Capsaicin is a component that can be found in chill peppers and it is responsible for the sensation of burning when we consume peppers. Recently there was a study examining the effects it has on strength and endurance in athletes and results look promising.
The study was completed by 11 males that were actively training for at least 1 year 3-5 times per week. They were all between 20 and 30 years old. It was a cross-over design, meaning each participant was tested with the supplement and 7 days later with a placebo.
Participants took 12 mg of capsiate or placebo, and the testing protocol consisted of 5 km running test followed by 4 sets of squats to failure at 70% 1RM (12-15 repetitions per set). The rest time between squat sets was 2 minutes.
The 5 km run was a HIIT test designed as a series of one minute run at a 100% of maximal aerobic power, followed by 1 minute rest.
The capsaicin group had a significantly lower rate of perceived exertion (RPE) 6.1 (out of 10), compared to the placebo group which had 8.1. Mean heart rate was also significantly lower in capsaicin group (151) compared to the placebo group which had 158. When it comes to the total number of repetitions for squats, the capsaicin group had a higher number of total repetitions of 35 compared to the placebo group which had 30 repetitions.
While these results are quite clear in favour of capsaicin supplementation, it is important to mention that there were some other studies from before that failed to find any benefits of the same supplement. For example, study published by Opheim and Rankin found that ingesting 3g of cayenne pepper for seven days failed to result in any increases in performance. However in this study they used cayenne pepper which cause some of the gastrointestinal issues which could be the reason why participants failed to have any performance improvements.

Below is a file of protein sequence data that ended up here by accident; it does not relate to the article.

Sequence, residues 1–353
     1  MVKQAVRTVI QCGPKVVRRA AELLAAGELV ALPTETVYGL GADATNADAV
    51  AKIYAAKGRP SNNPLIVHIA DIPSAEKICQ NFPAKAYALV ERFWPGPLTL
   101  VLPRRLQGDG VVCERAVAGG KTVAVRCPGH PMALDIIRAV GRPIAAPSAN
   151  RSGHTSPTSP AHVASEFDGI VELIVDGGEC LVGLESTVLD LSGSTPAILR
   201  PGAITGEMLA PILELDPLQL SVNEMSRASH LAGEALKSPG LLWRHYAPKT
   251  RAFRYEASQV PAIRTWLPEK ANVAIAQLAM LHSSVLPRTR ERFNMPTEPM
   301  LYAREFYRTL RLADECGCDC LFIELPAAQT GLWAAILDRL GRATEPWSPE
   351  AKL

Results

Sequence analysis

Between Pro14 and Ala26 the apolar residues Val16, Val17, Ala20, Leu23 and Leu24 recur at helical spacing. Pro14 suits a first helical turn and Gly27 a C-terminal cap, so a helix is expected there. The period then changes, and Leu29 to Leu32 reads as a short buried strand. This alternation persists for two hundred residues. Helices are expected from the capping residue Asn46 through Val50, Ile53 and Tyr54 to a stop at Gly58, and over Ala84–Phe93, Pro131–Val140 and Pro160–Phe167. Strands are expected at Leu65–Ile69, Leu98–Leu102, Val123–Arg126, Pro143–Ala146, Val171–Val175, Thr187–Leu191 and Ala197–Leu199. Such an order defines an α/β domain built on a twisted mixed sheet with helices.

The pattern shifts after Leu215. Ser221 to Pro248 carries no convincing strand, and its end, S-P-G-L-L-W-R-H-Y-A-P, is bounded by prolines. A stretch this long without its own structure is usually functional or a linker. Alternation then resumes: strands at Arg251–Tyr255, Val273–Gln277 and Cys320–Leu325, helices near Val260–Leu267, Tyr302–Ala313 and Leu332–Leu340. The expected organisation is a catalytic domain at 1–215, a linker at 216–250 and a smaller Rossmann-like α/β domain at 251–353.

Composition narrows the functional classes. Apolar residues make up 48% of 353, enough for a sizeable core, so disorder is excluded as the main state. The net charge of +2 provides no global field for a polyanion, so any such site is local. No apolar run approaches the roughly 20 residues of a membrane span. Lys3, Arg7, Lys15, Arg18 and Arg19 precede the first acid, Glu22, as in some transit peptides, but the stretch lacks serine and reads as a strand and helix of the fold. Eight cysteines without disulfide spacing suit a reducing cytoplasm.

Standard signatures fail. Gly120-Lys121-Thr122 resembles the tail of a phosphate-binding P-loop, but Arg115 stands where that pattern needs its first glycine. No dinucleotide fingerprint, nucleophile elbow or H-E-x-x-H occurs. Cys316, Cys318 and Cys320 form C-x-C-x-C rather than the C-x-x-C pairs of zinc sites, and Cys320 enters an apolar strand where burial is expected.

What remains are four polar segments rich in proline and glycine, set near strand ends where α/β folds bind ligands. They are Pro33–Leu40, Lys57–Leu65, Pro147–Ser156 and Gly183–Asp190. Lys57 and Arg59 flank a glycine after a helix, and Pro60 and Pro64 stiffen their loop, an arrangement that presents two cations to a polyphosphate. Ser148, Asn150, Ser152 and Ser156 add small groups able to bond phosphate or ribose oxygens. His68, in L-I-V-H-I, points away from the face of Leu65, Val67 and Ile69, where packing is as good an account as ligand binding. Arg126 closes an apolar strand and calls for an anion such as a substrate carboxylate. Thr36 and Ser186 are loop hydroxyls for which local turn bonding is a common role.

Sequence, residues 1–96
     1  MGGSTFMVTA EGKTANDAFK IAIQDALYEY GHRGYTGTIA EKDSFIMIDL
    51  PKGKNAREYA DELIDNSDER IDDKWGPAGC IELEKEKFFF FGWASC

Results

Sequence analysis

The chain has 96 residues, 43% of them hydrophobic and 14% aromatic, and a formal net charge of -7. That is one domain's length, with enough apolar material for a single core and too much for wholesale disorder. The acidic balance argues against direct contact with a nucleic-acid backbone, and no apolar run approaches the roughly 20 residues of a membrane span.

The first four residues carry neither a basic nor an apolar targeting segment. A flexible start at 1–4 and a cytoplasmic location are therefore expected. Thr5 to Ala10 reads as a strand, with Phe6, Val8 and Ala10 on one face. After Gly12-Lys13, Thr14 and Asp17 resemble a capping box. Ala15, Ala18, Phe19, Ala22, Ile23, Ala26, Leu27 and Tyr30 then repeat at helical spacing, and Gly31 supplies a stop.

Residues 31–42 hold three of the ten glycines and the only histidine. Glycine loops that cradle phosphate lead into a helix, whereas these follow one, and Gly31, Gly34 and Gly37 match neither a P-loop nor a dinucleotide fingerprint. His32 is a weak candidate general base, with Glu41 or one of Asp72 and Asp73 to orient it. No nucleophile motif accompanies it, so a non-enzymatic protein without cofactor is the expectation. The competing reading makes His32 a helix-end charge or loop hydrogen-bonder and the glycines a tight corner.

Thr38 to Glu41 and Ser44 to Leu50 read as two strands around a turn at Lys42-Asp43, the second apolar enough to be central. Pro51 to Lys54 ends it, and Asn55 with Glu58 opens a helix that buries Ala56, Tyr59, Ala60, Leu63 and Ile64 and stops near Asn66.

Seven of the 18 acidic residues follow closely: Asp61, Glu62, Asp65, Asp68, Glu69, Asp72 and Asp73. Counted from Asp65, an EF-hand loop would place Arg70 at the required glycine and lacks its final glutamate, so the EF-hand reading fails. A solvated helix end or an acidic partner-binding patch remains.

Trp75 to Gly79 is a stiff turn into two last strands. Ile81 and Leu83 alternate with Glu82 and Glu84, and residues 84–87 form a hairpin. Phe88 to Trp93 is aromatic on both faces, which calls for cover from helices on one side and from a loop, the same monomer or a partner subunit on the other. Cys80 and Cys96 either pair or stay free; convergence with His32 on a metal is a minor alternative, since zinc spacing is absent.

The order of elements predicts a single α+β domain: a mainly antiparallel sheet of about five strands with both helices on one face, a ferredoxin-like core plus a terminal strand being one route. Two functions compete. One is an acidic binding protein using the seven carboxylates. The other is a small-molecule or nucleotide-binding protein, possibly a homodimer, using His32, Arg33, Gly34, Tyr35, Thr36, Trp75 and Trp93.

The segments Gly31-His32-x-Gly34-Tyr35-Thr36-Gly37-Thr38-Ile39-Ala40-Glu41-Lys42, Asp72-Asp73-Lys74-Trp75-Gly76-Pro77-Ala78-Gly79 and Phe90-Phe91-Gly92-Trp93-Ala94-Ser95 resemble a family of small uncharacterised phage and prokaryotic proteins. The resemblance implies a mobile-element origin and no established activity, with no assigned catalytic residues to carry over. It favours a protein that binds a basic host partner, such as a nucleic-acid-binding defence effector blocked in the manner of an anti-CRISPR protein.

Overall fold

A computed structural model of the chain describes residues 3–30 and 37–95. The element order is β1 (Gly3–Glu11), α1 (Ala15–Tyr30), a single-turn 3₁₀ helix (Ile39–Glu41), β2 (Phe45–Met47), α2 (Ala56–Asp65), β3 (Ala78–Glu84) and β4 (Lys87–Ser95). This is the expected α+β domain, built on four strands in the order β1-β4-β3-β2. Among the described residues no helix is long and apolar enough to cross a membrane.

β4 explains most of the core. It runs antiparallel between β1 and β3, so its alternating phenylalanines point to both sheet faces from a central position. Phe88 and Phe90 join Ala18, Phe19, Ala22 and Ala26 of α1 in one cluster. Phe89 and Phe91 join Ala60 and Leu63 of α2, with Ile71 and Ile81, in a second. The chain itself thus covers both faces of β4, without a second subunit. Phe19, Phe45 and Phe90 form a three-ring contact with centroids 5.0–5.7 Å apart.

Because of these contradicting results, it is too early to make any definite recommendations but what we can do is analyse and see how this compound can potentially increase our performance.
How does it work?
Capsaicin binds to a receptor called transient receptor potential vanilloid and when activated two things happen: pain perception and an increased release of calcium from the sarcoplasmic reticulum which directly increases muscle force production. These are the mechanisms through which this supplement can actually work. It reduces the perception of pain and effort and therefore boosts performance.
On top of this, there is some evidence that this supplement can aid in fat loss by increasing resting energy expenditure, however the overall effect is quite small, only 50-100 kcal per day so I would not consider it as a fat loss supplement.
How to take it?
Research showed that one to two 12mg doses of purified capsiate powder per day have an effect on performance. I do recommend to rely of food for this intake. Capsaicinoid can be found in chilli and red peppers it it generally accounts for 1% of the pepper weight, so its quite easy to consume enough of it in a day. I recommend being careful at the beginning to avoid potential stomach irritation by consuming too much spicy peppers. Instead, test your tolerance to it and increase the intake gradually and make it part of your regular meal plan.
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